Driven to Distraction; the importance of accurate Will drafting.
Author Marty Rubin once commented that “When the meaning is unclear, there is no meaning.” This reflection is undoubtedly true in many aspects of life. Still, it is particularly the case in the preparation and execution of legal documents, where a lack of clarity can lead to uncertainty, disagreement and unnecessary expense.
In the case of Knipe v British Racing Drivers' Motor Sport Charity and Others, the Executor of the estate of the late Barrie Williams (a retired professional racing driver and lifelong member of the British Racing Drivers Club) sought guidance from the Court as to the distribution of Mr William’s estate. Under the terms of his Will, Mr Williams divided the residue of his estate in the following shares:
- Fifty per cent to the “British Racing Drivers Club Benevolent Fund”;
- Thirty per cent to the “British Racing Drivers Club”, with the request that the monies be used to provide an annual scholarship for training young racing drivers;
- Ten per cent to the “Royal Society for the Prevention of Cruelty to Animals”;
- Ten per cent to the “Cancer Research Fund”.
The reason for the Executor seeking the Courts’ direction was that at the date of Mr Williams’ death, organisations by the name of the “British Racing Drivers Club Benevolent Fund” and “Cancer Research Fund” did not exist.
The Court decided that the gift to the “British Racing Drivers Club Benevolent Fund” should pass to the British Racing Drivers Club Motor Sport Charity (the sole charitable organisation administered by the British Racing Drivers Club). The Court accepted evidence of Mr William’s long-standing membership of that club and interpreted the wording of the Will in the context of his interest in the Club’s activities. Therefore, the Court was satisfied that Mr Williams intended the gift should benefit the benevolent fund of the British Racing Drivers Club.
In respect of the gift to the “Cancer Research Fund”, the Court considered whether the wording of the Will demonstrated a general intent to benefit the purpose of Cancer research, or whether Mr Williams had intended to benefit a particular Cancer research organisation (which had been incorrectly named in the Will). In deciding in favour of the former, the Court relied on section 21 of the Administration of Justice Act 1982, which provides that where the meaning of a Will is ambiguous, external evidence may be used to clarify the Testator’s intention. Mr Williams had no links with any particular Cancer research charity at the time of making his Will, as a result of which it was deemed that the gift was intended to benefit the general purpose of Cancer research. Therefore, the Executor was entitled to distribute the fund between such charities that fulfilled this general-purpose (in this case, Cancer Research UK and the World Cancer Research Fund).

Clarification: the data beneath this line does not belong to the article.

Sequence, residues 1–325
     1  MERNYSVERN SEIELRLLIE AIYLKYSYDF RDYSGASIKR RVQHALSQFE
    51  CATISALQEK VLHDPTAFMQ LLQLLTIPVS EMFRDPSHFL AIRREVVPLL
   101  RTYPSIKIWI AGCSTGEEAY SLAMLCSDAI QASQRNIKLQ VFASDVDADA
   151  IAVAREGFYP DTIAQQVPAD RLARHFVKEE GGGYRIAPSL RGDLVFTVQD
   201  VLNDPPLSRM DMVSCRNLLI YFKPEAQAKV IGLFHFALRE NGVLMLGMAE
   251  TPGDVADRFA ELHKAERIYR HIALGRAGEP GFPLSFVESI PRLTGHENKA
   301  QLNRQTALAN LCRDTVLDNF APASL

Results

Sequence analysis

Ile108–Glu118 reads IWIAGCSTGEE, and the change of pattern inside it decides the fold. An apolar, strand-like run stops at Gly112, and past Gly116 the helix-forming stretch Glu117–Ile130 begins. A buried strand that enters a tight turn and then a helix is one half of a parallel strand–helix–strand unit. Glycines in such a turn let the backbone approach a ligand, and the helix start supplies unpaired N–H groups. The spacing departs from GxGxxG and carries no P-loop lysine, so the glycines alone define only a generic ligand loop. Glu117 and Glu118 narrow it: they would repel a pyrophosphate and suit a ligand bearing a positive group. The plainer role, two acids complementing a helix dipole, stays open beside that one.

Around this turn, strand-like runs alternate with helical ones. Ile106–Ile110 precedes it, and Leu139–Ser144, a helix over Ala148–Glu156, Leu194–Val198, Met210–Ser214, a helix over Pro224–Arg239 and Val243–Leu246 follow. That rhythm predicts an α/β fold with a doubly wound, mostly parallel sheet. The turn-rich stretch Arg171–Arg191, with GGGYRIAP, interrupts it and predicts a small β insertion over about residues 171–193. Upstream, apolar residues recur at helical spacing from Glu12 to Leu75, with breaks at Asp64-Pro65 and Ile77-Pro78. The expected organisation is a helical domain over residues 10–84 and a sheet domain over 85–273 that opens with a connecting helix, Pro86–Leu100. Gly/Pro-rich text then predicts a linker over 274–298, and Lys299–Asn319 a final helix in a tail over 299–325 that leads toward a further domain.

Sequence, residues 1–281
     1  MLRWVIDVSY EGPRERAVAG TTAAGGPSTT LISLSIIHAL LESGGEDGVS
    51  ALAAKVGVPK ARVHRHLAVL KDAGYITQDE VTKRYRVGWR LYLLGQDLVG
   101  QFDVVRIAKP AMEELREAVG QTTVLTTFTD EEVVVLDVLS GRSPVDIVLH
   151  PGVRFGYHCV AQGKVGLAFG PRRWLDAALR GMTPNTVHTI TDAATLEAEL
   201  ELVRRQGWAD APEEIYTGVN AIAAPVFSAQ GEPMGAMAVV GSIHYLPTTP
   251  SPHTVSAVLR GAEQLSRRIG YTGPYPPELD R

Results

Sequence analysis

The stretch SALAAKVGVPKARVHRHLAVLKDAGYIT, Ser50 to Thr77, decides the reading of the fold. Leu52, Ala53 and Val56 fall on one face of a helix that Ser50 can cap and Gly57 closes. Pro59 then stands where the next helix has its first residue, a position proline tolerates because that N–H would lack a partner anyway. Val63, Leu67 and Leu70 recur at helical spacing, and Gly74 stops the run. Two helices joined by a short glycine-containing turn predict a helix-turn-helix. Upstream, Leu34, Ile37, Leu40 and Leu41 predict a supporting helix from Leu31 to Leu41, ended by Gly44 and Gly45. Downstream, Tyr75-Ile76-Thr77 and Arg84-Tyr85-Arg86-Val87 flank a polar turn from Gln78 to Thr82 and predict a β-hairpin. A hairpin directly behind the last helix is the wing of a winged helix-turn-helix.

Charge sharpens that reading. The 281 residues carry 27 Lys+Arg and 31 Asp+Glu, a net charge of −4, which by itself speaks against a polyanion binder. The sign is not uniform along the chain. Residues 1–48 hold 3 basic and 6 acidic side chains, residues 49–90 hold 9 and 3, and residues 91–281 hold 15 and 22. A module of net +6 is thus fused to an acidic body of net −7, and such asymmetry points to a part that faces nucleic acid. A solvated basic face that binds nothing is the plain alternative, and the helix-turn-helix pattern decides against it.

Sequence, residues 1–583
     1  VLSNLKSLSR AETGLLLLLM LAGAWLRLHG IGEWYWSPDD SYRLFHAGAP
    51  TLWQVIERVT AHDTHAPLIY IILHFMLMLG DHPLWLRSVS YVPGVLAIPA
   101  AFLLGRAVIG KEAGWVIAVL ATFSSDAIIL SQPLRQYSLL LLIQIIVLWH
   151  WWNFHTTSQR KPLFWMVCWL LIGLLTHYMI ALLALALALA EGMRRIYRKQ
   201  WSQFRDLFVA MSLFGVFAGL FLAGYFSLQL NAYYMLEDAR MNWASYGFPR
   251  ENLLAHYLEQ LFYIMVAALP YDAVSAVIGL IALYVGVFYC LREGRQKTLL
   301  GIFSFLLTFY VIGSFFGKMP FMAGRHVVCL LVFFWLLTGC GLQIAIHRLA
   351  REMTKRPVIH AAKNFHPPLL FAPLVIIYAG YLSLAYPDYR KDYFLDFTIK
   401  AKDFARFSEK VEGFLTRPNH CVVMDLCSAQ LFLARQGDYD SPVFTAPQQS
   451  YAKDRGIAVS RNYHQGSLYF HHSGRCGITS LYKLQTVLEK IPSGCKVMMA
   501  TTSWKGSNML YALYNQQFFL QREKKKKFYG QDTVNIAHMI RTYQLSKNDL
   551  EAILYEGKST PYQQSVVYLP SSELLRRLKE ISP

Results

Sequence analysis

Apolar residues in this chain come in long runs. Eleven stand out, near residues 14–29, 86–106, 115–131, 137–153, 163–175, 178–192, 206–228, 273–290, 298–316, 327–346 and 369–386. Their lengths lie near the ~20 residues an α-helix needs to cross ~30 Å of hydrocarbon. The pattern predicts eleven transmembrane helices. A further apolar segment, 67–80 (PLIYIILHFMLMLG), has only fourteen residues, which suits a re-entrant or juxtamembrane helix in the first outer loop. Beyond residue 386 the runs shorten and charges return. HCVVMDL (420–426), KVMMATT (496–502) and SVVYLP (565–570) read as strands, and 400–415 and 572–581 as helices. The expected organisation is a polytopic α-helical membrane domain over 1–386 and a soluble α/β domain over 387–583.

Although the Court was able to clarify Mr Williams intended aims to allow interpretation of his Will, the confusion which arose would not have been necessary if greater care had been taken in preparing the Will. Had the organisations in question been correctly named or identified in some other way (for example, by the inclusion of a registered address or reference number), this longwinded and expensive process could have been avoided.
When executing a Will, it is important that clients seek professional advice to ensure that their wishes are clearly recorded, or in any event, that discretion is given to their Personal Representatives to fulfil their intended charitable aims.
Carson McDowell’s Private Client team has a wealth of experience in the drafting and preparation of Wills and a long-standing tradition of providing advice to individuals and families in estate planning matters. If you have any questions regarding the terms of your Will, please do not hesitate to contact Neil Bleakley, Andrew Davison or Naomi Lamont to discuss these important matters further.